…shall not perish
Fourscore and seven years ago our fathers brought forth on this continent a new nation, conceived in liberty and dedicated to the proposition that all men are created equal. Now we are engaged in a great civil war, testing whether that nation or any nation so conceived and so dedicated can long endure. We are met on a great battlefield of that war. We have come to dedicate a portion of that field as a final resting-place for those who here gave their lives that that nation might live. It is altogether fitting and proper that we should do this. But, in a larger sense, we cannot dedicate, we cannot consecrate, we cannot hallow this ground. The brave men, living and dead who struggled here have consecrated it far above our poor power to add or detract. The world will little note nor long remember what we say here, but it can never forget what they did here. It is for us the living rather to be dedicated here to the unfinished work which they who fought here have thus far so nobly advanced. It is rather for us to be here dedicated to the great task remaining before us — that from these honored dead we take increased devotion to that cause for which they gave the last full measure of devotion — that we here highly resolve that these dead shall not have died in vain, that this nation under God shall have a new birth of freedom, and that government of the people, by the people, for the people shall not perish from the earth. Source: Abraham Lincoln, Gettysburg Address, Gettysburg, PA November 19, 1863,
I praise such courage. I need such courage because in this cause I, too, am prepared to die. But, my friend, there is no cause for which I am prepared to kill. Whatever they do to us, we will attack no one, kill no one, but we will not give our fingerprints — not one of us. They will imprison us, and they will fine us. They will seize our possessions, but they cannot take away our self-respect if we do not give it to them.I am asking you to fight! To fight against their anger, not to provoke it. We will not strike a blow, but we will receive them. And through our pain we will make them see their injustice, and it will hurt — as all fighting hurts. But we cannot lose. We cannot. They may torture my body, break my bones, even kill me. Then, they will have my dead body — not my obedience. Source: M. Ghandi, September 11, 1906, Johannesburg, South Africa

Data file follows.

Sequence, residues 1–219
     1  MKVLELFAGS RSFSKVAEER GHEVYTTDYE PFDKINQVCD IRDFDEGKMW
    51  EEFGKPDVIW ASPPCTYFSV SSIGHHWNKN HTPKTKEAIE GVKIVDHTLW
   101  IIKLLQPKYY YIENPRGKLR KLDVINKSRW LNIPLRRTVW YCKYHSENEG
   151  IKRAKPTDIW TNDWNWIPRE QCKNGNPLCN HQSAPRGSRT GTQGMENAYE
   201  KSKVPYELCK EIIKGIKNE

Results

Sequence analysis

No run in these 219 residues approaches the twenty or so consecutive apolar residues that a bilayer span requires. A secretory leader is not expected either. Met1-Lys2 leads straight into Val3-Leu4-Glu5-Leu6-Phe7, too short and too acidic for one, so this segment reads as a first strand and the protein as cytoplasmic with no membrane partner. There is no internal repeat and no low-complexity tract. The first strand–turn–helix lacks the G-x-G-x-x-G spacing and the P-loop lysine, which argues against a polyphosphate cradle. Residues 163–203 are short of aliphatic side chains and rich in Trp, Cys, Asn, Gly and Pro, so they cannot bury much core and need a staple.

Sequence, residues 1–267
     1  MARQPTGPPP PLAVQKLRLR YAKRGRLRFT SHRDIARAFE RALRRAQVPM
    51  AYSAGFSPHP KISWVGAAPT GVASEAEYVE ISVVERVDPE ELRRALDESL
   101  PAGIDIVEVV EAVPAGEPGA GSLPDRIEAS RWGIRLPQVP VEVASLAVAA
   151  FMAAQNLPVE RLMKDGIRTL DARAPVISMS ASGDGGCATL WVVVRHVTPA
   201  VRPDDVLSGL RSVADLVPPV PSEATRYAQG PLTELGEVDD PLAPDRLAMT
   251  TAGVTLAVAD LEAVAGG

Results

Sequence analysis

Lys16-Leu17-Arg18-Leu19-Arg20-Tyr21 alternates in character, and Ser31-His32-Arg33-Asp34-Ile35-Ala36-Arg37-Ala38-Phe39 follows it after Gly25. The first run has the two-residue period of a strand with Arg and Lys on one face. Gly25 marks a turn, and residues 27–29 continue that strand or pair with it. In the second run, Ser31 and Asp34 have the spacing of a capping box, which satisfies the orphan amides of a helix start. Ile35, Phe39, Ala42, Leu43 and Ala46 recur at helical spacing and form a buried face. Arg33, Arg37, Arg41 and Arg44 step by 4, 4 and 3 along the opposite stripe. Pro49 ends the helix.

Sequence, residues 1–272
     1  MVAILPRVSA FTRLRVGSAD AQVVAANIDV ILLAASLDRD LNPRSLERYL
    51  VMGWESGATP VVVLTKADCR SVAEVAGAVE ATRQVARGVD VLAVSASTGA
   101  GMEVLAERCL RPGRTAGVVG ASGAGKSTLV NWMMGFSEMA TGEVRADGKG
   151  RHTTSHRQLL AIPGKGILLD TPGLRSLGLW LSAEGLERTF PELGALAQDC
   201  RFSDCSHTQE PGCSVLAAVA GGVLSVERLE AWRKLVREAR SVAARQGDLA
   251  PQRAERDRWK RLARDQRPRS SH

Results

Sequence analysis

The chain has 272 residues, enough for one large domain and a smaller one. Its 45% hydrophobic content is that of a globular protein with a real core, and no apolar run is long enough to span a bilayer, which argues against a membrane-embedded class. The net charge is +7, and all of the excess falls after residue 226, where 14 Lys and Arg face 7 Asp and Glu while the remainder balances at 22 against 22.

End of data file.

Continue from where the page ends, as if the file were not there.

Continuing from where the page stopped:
Decision Driven Organizations
A team of Harvard researchers confirmed the tight link between performance and decisions. In 2008, they and their colleagues at Bain & Company surveyed executives worldwide from 760 companies, most with revenues exceeding $1 billion, to understand how effective those companies were at making and executing their critical decisions. They used the responses to assess decision quality, speed, yield, and effort. They found that decision effectiveness and financial results correlated at a 95% confidence level or higher for every country, industry, and company size in the sample. Indeed, the companies that were most effective at decision making and execution generated an average total shareholder return nearly six percentage points higher than those of other firms. What’s more, the research revealed no strong statistical relationship between organizational structure and performance. The conclusion they drew was simple: In a reorganization, decisions rather than structure should be the primary focus. Source: Blenko, M., et al., (2010) The Decision-Driven Organization. Harvard Business Review, 88 (6), 54-62.
A common practice in stimulating higher performance among salespeople is the use of ‘sales contests’. The success of these contests has revealed inconsistent, and sometimes negative, results. Two researchers recently devised a study to examine four characteristics of sales contests in an effort to identify which types of sales contests best preserve customer-oriented behaviors. Their findings suggested that the characteristics most favorable to promoting a customer orientation in the sales process were a) low frequency of contests, b) a medium number of winners, and c) have an open budget (no fixed number of winners or amount of prizes awarded). The limited number of contests maintains the uniqueness of the contest. A medium number of winners promotes the idea that the contest goals are obtainable, and the open budget suggests the effort to compete will be worth the time. Finally, it was found that contests that were team-based were better suited for relationship-based selling practices. Source: Poujol, F., Tanner, J. (2010) The impact of contests on salespeople’s customer orientation. Journal of Personal Selling & Sales Management, 30(1), 33-46.